Ralph Bird Award Recipient 1991
Dr. Rowe received his Bachelor of Science degree from the University of Alberta in 1941, followed by a Master of Science degree from the University of Nebraska in 1948, and his Ph.D. degree from the University of Manitoba in 1956. Dr. Rowe began his career as a grasslands ecologist, but soon became a forest ecologist with the Canadian Forestry Service where he served from 1948-1966. A gifted teacher, Stan taught plant ecology at the University of Saskatchewan from 1966-1985. Stan’s view of forests as ecosystems spread across the continent by his former students.
In the 1970s, Dr. Rowe was involved with the Ecological Land Classification System and served on the Canadian Committee of Ecological Land Classification, and the Canadian Committee of Ecological Areas. He is the author of many articles and essays, including “The Relic Grassland”, “Wilderness as Home Place”, “The Quintessential Westerner”, “Ecology and Popular Science”, Changing the Global Vision”, “The Lake Athabaska Sand Dunes”, “Goals for Agriculture”, “Transforming Agriculture”, and “Prairie Land and People”. His most influentioal publication may well be his book, Home Place, a collection of previously published essays, including many of the above, centred on the notion of Earth-as-Home-Place. Home Place has been compared with the works of Aldo Leopold. The book crystallizes the idea of “ecosystem meaning home-system – a physical place surrounding us, to which we belong. In contrast, the concept of environment in centred on ourselves, and has encouraged attempts to pull it into the circle of our belongings, as Heritage. In reality, we belong to the encompassing world and sooner or later it claims us”.
Quoting from the preface of Home Place gives a sense of how Dr. Rowe arrived at his perspective on Earth-as-Home-Place: “In 1948 I joined the Canadian Forestry Service and heard of Angus Hills who had the idea of studying forests as “total sites”, his term for ecosystems. A soil surveyor in Ontario’s clay belt, he had noticed that tree growth responded not only to the soils in which their bottoms were rooted, but equally to the aerial climate in which their tops were “rooted”. They were growing within two-layered ecosystems. Landform – the surface shape and kin of geological material – controls both soils and local climate, providing an integrating means of describing classifying “total sites”. We began to study and map forestland ecosystems according to landform and vegetation cover. And so, through research, forestry reports, conferences and land inventories, the ecosystem concept came alive and its implications for seeing the world in a new way became clearer.”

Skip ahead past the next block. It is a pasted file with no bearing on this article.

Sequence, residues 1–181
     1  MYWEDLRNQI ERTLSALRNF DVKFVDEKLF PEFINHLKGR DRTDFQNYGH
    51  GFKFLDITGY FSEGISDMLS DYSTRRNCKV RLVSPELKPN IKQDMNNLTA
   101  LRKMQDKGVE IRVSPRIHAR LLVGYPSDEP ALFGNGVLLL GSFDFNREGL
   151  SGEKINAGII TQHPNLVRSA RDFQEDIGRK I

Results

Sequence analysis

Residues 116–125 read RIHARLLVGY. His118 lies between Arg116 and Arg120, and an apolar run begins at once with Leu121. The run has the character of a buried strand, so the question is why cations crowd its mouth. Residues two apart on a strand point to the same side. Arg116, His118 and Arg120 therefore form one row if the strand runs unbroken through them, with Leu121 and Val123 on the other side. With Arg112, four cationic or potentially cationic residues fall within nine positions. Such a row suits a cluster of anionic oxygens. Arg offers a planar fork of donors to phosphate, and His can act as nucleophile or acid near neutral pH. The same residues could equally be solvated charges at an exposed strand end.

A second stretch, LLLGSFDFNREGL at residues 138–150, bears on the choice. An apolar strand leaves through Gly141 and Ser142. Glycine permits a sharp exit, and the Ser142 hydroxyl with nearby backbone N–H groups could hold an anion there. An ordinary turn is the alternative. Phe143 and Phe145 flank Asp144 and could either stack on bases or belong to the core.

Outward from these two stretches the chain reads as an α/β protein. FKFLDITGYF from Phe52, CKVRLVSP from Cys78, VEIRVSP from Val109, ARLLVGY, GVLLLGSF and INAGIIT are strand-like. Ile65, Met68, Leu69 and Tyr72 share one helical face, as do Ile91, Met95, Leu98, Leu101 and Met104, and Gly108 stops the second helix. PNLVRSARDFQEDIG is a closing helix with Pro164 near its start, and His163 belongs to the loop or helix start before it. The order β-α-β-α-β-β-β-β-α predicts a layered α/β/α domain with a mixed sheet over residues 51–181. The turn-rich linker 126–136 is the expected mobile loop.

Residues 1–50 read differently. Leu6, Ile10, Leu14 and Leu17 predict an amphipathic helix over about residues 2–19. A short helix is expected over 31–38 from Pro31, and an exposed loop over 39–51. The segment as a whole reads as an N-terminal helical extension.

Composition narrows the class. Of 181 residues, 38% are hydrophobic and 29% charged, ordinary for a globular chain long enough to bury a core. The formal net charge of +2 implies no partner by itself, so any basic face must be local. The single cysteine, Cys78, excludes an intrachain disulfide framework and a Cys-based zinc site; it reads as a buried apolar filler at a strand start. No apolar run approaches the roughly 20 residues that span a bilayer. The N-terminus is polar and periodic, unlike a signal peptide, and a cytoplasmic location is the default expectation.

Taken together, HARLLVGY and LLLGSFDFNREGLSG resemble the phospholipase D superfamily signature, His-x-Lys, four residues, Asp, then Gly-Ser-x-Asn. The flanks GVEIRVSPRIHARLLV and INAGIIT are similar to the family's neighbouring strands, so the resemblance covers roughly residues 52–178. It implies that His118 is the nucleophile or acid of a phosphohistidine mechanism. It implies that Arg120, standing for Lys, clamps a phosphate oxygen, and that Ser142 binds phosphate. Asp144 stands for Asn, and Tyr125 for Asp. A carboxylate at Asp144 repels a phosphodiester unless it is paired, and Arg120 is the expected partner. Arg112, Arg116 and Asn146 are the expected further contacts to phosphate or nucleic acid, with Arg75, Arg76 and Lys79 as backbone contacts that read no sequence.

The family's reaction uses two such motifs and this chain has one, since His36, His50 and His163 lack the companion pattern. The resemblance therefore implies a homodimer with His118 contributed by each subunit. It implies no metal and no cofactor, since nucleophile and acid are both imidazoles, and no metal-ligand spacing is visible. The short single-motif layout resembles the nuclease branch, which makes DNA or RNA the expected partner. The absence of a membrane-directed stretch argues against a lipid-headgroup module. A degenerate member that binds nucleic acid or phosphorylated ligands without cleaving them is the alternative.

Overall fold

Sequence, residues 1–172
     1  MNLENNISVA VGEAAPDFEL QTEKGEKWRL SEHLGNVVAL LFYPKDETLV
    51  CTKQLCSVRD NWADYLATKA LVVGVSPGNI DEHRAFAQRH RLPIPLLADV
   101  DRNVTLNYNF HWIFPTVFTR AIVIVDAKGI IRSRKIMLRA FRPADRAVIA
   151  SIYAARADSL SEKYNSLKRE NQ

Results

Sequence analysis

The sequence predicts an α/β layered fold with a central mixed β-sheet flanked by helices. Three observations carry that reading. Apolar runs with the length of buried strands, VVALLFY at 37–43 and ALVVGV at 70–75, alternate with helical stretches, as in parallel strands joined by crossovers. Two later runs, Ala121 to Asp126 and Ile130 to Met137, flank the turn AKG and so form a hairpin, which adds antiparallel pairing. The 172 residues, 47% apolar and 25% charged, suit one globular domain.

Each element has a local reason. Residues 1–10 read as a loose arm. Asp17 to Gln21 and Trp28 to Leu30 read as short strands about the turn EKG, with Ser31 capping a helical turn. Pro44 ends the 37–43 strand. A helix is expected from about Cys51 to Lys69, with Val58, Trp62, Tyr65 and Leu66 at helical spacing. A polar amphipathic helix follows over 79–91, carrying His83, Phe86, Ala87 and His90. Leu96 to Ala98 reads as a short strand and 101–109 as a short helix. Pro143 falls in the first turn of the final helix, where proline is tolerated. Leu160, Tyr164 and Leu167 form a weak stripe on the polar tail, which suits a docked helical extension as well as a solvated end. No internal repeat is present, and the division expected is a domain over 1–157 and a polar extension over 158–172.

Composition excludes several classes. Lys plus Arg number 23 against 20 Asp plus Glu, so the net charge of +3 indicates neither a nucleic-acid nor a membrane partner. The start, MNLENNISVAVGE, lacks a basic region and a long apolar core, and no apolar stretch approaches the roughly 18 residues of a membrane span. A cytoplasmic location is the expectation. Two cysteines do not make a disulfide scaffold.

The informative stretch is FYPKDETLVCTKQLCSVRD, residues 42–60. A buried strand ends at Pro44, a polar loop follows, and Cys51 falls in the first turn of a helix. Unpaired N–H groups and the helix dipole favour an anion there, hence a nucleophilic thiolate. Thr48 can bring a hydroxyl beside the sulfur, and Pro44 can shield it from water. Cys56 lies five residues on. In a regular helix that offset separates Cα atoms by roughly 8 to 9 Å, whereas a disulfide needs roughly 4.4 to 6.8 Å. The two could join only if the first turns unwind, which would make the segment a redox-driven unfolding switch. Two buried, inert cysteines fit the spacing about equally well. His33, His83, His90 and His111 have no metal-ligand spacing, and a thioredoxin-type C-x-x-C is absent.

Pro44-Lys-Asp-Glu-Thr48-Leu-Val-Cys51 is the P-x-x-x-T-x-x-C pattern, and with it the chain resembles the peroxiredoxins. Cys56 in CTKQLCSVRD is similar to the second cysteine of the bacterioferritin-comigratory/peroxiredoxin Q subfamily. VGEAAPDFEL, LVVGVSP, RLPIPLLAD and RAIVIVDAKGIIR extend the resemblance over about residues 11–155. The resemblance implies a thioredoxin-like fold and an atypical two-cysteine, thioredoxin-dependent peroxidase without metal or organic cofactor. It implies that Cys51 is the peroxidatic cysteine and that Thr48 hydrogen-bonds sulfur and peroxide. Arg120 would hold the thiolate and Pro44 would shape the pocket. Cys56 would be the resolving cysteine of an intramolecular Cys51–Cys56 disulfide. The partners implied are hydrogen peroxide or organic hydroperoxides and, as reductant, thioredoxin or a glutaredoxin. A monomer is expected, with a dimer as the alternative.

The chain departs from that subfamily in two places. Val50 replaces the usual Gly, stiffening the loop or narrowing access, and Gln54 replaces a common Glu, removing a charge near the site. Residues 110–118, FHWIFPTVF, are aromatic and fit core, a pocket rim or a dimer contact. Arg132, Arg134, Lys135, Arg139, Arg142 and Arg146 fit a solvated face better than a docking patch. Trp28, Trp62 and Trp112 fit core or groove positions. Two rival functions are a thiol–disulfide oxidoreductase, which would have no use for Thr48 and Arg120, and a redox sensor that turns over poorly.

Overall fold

Dr. Rowe’s colleagues have this to say about him: “he has an ability to talk about matters, then write about them in the very sorts of words he verbalizes, making it easy to comprehend. He makes lectures incredibly interesting and can still walk people into the ground, even at the age of 72.”
The following words from the preface of Home Place serve to illustrate the changes in thinking that Dr. Rowe has been advancing and continues to foster:
Home Place is…about people in the world and the world around people, about ourselves astonishingly inside a marvellous Being, enveloped by the Ecosphere. Not only are we in the Earth-envelope, we are parts of it, participants in it, born from it, sustained and reproduced by it. To really grasp this symbiosis in to change radically our appreciation of humanity in the world. In our mind’s eye we will see the Ecosphere, see ourselves as willing constituents of it, appreciating the creative bonds that join us to it. We have yet to learn to make music with the one celestial body that is closest to us, to harmonize with the miraculous sun-circling sphere on which our future rides…what we know – not superficially, but in our hearts and imaginations – has great power over how we act. It is the basis of “political will for change” whose lack today reflects the absence of inspiring visions and elevated goals.
Dr. Rowe has contributed much to the study of natural history in Western Canada, increased our understanding and changed our perspective on how we relate to our planet.